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FMCG Turk
 FMCG Turk haberi 14.10.2020
Turkish exporters face new customs delays in Morocco, Algeria
Turkish companies say they are facing new delays in exporting textiles and clothing to North African countries. Morocco, in particular, has amended a trade deal raising duties on clothing by up to 90%

Exporters have complained about unusual requests for paperwork and delays of up to five times the norm clearing customs in Morocco and Algeria, three groups told Reuters.

The complaints come as textile and clothing manufacturers in North Africa, the Middle East and Eastern Europe were poised to take advantage of the disruption to global supply chains following the coronavirus pandemic.

Big European brands are looking for alternative production hubs, such as Turkey and Morocco, which are located closer than manufacturing giant China.

Morocco's government, worried that a 2004 free trade deal with Turkey has harmed its manufacturers and retailers, said last week that talks that began with Ankara in January led to an amendment in August.

A Trade Ministry source said the amendment allows Morocco to raise duties by up to 90% on 1,200 products, including textiles and clothing, for five years.

Trade between the two countries has been consistently rising over the last couple of years, amounting to nearly $2.58 billion in 2017 and going up to around $2.71 billion in 2018, before reaching $3 billion in 2019, according to the Turkish Statistical Institute (TurkStat).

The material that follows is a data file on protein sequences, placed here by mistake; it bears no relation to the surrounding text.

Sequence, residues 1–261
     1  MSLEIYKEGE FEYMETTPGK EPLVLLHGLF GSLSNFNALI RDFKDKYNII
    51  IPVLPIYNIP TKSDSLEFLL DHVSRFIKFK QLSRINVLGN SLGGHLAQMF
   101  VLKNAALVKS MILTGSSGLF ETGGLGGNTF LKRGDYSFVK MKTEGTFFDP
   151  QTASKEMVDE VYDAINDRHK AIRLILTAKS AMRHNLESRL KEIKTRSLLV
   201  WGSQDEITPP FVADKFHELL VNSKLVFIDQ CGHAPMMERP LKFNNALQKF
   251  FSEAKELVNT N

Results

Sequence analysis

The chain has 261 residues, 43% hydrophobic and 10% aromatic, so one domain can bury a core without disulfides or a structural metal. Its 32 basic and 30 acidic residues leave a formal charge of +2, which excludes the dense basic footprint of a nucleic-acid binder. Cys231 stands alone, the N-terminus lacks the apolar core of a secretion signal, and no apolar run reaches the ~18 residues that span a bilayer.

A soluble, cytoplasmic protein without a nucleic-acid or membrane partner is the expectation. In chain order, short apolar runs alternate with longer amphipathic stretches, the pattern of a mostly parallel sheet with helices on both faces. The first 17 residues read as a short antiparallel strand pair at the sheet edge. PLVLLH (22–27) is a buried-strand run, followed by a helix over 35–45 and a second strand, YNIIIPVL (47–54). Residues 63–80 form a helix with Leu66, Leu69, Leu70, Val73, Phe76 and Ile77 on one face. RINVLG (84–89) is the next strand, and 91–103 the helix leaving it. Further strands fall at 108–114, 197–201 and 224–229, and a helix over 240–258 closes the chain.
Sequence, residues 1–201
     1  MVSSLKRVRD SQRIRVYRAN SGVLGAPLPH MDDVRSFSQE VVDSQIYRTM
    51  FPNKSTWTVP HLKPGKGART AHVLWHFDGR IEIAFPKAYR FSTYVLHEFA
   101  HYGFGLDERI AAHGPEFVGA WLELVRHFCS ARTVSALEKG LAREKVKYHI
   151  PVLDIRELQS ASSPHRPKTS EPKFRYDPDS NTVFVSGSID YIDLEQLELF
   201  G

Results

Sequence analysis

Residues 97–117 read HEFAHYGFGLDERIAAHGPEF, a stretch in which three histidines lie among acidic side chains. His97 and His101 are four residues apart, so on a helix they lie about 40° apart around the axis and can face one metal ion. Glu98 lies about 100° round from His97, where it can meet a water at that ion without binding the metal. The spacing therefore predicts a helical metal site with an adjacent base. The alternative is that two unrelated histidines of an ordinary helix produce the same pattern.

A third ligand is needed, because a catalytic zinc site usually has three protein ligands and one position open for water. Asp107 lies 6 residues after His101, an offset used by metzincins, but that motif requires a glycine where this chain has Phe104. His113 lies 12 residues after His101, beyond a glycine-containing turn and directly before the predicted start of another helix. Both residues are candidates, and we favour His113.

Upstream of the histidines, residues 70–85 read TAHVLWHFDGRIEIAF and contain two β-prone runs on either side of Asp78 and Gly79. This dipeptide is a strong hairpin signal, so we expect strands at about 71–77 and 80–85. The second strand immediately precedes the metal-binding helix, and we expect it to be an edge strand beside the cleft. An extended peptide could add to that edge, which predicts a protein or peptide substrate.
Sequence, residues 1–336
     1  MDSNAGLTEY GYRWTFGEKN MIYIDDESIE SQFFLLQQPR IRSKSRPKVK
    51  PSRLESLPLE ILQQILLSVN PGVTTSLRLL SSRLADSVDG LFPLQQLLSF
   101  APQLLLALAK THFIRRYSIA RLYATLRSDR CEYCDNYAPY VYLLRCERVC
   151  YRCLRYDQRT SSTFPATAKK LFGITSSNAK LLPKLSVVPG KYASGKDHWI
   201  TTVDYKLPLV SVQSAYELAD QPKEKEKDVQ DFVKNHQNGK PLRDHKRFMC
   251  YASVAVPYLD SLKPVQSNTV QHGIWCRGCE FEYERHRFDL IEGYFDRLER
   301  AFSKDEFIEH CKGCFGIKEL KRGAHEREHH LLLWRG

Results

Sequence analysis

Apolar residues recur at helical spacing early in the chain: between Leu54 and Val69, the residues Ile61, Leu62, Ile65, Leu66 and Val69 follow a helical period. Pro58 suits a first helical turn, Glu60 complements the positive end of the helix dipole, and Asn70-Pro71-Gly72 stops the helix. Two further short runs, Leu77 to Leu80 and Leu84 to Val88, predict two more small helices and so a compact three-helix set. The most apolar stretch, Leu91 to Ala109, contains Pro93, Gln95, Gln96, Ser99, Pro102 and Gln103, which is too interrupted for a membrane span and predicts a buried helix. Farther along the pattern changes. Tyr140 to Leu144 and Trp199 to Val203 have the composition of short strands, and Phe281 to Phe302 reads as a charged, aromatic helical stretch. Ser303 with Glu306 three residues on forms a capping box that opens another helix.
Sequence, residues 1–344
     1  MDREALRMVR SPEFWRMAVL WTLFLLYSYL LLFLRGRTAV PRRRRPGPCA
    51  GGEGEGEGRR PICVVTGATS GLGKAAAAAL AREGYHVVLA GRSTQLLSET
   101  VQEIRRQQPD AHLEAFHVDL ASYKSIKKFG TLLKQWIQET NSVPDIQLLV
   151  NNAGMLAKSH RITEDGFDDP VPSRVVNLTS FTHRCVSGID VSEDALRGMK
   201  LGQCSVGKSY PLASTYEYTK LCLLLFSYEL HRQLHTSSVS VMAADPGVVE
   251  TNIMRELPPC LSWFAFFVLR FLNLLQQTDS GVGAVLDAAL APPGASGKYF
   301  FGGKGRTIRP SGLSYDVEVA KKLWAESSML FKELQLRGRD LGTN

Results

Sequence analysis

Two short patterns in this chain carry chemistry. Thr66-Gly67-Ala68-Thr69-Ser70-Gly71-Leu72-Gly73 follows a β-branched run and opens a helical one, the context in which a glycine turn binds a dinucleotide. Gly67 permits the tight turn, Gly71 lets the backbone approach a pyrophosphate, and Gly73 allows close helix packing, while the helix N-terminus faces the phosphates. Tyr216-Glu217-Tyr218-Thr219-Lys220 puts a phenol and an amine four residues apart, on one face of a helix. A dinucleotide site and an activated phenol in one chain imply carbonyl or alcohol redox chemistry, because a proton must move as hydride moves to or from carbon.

Turkey exported $2.31 billion in goods to Morocco last year, while its imports stood at $690 million, creating a trade deficit for Rabat and prompting some Moroccan lawmakers and industry officials to complain of unfair competition.

Gıyasettin Eyyüpkoca, head of Turkey's Laleli Industry and Business Association, said Morocco had long imposed the highest legal duties on Turkish imports in order to support domestic production.

But in recent months, exporters have faced "unofficial and undocumented" delays at the border, he said. "It even takes 10-12 days to clear our goods through customs, instead of the usual two days."

Eyyüpkoca said concern over a "tougher stance" from the North African countries had heightened given rising trade barriers in the Gulf.

"North African countries are trying to keep Turkey out of the game as European brands reorient away from China following the pandemic," said Hadi Karasu, head of the Turkish Clothing Manufacturers' Association.

"Especially in the last couple of months, both Turkish brands and made-in-Turkey products have been facing obstacles in North African customs ... and the latest duties in Morocco are part of this strategy," he said.

The Turkish sector groups, however, did not provide names of the companies lodging complaints.

Turkey exported textiles worth $18 billion last year, accounting for 10% of its total exports, according to an industry group. Total exports to Algeria stood at $1.9 billion.

Şeref Fayat, head of the clothing unit in the Union of Chambers and Commodity Exchanges of Turkey (TOBB), said the new delays in Morocco and Algeria were unrelated to tariffs and often involved requests for documents that were not required in the past.

Fayat said his group would raise the issue with Turkey's Trade Ministry to try to break the bottleneck.